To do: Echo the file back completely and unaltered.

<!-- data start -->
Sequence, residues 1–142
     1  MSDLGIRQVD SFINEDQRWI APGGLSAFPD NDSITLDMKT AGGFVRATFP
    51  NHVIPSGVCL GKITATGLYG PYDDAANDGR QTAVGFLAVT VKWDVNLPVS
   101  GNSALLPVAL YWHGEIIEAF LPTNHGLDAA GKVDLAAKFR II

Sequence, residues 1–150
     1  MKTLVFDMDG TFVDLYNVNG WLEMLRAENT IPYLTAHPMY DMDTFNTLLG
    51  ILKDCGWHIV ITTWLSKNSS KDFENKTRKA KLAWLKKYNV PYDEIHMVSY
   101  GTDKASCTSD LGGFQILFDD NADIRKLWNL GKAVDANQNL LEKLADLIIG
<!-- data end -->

Sequence, residues 1–142
     1  MSDLGIRQVD SFINEDQRWI APGGLSAFPD NDSITLDMKT AGGFVRATFP
    51  NHVIPSGVCL GKITATGLYG PYDDAANDGR QTAVGFLAVT VKWDVNLPVS
   101  GNSALLPVAL YWHGEIIEAF LPTNHGLDAA GKVDLAAKFR II

Sequence, residues 1–150
     1  MKTLVFDMDG TFVDLYNVNG WLEMLRAENT IPYLTAHPMY DMDTFNTLLG
    51  ILKDCGWHIV ITTWLSKNSS KDFENKTRKA KLAWLKKYNV PYDEIHMVSY
   101  GTDKASCTSD LGGFQILFDD NADIRKLWNL GKAVDANQNL LEKLADLIIG